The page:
One in three Kansas students performs below grade level. Half of African-American and Hispanic children perform below grade level. As one attorney arguing before the Kansas Supreme Court put it, “Two-thirds of students are flourishing. One third are floundering.”
Justices on the Supreme Court seem to be riveted on this fact, as well they should. Kansas cannot claim to provide an adequate education if a third of the kids are not making the grade.
When a new school finance formula is written in the upcoming legislative session, that disparity must be addressed for the sake of fairness, but also — to be practical — because the high court is likely to demand it.
That immediately raises two of the main issues facing those who will devise the new formula: How to weight school aid and how much to spend. Those factors are what make school funding so complicated.
From where we sit, in Johnson County, it is important to proclaim, for all to hear, that all students in Kansas schools deserve and have the right to a high-quality education. There should be no laggards due to funding. And there should be no mediocrity due to inadequate funding. Kansas kids are the state’s highest priority. Period.
That brings us to the Johnson County question that was virtually ignored in the original 1992 school funding plan — that now must be a vital part of any future school finance formula. What can Johnson County districts do on their own to take education to an even higher level, if that is the desire of local patrons?
The clear answer has to be local authority. There must be an avenue for supplemental local funding if those schools are to be able to excel beyond what the state can and will fund.
There are some legislators — including some in Johnson County — who have reached the erroneous conclusion that the Kansas Constitution provides that all students statewide receive the exact same amount of aid, and that no district can rise above that, unless all districts are then equalized by even more state funding.
This has been the opinion of the Kansas National Education Association, a teachers union. Its leaders led the way in 1992 to penalize Johnson County schools because they did not think it was fair for a district to excel beyond state standards.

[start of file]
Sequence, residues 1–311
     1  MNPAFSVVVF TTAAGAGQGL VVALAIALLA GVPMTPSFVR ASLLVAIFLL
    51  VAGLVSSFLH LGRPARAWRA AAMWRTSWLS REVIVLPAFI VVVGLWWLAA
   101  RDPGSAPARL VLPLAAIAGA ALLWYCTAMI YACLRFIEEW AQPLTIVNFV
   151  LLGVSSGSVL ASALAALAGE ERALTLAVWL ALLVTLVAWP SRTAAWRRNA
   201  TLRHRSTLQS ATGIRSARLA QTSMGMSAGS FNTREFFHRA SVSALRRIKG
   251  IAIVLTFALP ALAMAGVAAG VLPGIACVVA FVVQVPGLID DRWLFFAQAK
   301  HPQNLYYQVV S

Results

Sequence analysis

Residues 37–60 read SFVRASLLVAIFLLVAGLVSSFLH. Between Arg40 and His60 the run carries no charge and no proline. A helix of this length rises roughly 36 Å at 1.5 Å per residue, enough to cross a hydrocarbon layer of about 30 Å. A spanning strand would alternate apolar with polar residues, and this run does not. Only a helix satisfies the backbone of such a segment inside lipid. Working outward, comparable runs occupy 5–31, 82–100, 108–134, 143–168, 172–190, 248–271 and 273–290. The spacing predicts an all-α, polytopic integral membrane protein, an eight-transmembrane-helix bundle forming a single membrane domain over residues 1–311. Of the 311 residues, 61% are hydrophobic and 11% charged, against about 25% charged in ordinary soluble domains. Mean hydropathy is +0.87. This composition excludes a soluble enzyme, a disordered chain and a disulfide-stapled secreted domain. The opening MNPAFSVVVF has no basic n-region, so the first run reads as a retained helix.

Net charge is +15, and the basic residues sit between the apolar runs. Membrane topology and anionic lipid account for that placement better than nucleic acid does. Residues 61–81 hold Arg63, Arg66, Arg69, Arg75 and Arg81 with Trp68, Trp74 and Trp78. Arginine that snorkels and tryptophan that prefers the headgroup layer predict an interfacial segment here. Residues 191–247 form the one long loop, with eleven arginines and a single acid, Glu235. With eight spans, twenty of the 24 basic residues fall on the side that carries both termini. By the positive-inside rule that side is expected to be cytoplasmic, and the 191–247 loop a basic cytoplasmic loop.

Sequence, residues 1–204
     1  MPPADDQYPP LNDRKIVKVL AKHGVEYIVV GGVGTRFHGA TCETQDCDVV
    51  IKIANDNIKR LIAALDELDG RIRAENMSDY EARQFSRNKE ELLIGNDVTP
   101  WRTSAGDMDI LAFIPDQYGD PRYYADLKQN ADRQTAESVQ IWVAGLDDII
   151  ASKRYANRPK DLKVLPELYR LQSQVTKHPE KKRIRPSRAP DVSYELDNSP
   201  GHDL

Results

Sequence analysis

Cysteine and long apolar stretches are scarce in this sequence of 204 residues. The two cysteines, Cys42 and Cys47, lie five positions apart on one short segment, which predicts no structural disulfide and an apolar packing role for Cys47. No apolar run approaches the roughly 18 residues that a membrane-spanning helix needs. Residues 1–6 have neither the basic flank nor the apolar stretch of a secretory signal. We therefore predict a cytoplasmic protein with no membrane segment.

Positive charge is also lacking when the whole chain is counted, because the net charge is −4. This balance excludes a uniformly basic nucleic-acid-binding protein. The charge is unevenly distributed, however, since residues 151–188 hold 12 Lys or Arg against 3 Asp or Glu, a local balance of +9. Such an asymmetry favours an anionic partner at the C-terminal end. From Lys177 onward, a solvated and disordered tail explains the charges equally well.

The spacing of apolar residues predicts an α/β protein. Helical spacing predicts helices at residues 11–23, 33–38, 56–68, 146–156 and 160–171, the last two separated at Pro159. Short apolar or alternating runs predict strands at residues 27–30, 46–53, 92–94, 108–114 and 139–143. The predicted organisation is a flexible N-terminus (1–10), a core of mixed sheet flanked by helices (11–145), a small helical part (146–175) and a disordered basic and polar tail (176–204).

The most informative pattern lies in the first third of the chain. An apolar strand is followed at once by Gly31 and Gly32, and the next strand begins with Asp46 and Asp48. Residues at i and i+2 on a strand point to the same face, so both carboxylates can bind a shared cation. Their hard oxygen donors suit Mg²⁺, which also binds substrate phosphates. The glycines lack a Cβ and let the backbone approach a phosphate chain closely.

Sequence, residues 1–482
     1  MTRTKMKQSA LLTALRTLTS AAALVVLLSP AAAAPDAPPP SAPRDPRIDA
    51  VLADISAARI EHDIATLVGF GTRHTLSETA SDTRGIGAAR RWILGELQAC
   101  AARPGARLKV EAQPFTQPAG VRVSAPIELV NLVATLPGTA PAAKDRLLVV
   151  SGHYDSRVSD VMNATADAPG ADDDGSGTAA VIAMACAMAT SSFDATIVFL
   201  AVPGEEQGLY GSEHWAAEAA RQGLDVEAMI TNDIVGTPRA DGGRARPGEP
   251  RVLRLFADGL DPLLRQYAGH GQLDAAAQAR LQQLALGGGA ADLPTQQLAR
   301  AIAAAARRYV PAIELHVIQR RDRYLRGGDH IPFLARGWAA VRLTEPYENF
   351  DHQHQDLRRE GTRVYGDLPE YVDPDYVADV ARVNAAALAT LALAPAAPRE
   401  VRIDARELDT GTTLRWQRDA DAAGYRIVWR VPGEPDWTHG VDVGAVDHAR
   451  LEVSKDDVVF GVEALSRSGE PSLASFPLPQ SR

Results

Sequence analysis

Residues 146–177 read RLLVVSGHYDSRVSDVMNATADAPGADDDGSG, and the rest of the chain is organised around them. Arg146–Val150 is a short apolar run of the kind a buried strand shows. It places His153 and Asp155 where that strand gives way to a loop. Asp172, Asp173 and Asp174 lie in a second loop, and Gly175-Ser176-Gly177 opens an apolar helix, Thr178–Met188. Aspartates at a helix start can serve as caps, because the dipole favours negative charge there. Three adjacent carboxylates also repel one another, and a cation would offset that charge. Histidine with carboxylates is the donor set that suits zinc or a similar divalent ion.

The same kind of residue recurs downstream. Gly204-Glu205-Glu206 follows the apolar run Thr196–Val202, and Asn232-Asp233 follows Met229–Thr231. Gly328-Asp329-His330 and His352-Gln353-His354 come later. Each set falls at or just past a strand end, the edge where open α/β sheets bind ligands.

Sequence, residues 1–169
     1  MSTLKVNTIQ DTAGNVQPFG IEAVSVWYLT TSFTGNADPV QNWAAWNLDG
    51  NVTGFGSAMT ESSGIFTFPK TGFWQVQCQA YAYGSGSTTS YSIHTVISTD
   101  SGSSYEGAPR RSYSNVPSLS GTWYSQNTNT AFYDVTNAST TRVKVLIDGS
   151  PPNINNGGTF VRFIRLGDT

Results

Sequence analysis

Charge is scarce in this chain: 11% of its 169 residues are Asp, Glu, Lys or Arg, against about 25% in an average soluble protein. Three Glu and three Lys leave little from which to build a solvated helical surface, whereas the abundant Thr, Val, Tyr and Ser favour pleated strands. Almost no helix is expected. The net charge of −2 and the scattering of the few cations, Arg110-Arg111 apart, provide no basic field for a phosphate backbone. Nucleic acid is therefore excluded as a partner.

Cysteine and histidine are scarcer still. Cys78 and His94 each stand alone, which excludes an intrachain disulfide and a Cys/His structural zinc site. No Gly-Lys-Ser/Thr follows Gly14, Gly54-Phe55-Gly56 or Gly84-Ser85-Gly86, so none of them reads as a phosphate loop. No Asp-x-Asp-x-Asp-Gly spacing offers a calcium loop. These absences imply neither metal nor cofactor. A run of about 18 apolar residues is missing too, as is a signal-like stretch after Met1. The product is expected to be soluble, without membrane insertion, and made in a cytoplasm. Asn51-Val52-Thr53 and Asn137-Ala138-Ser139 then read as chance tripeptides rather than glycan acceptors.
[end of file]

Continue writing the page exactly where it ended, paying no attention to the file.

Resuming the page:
The Kansas Supreme Court has never said that is so.
The high court never ruled that the local option budget, a means to provide modest additional funding, was unconstitutional. When Johnson County raised a temporary extra quarter-cent sales tax for schools, that tax was never struck down by the Supreme Court. There is no reason to conclude that the state Constitution forbids districts to raise additional funds, over and above state funding.
This is the one component in the crafting of a new formula that must be included, or else Johnson County schools will be unable to maintain their excellence. Shawnee Mission, in particular, has struggled to uphold its standards, but it has been able to do so, even with aggressive cost-cutting.
On the critical need for local authority, the Johnson County delegation in Topeka must stick together. Conservative and moderate Republicans and Democrats must stay united on this issue.
Johnson County residents deserve to know which of our “pro-education” legislators are fighting for local authority and which, if any, have capitulated to the false notion that local authority is somehow wrong or illegal. We will sound the alarm about local legislators who would sell short Johnson County schools by consorting with the teachers union’s anti-local authority agenda.
Steve Rose, longtime Johnson County columnist: email@example.com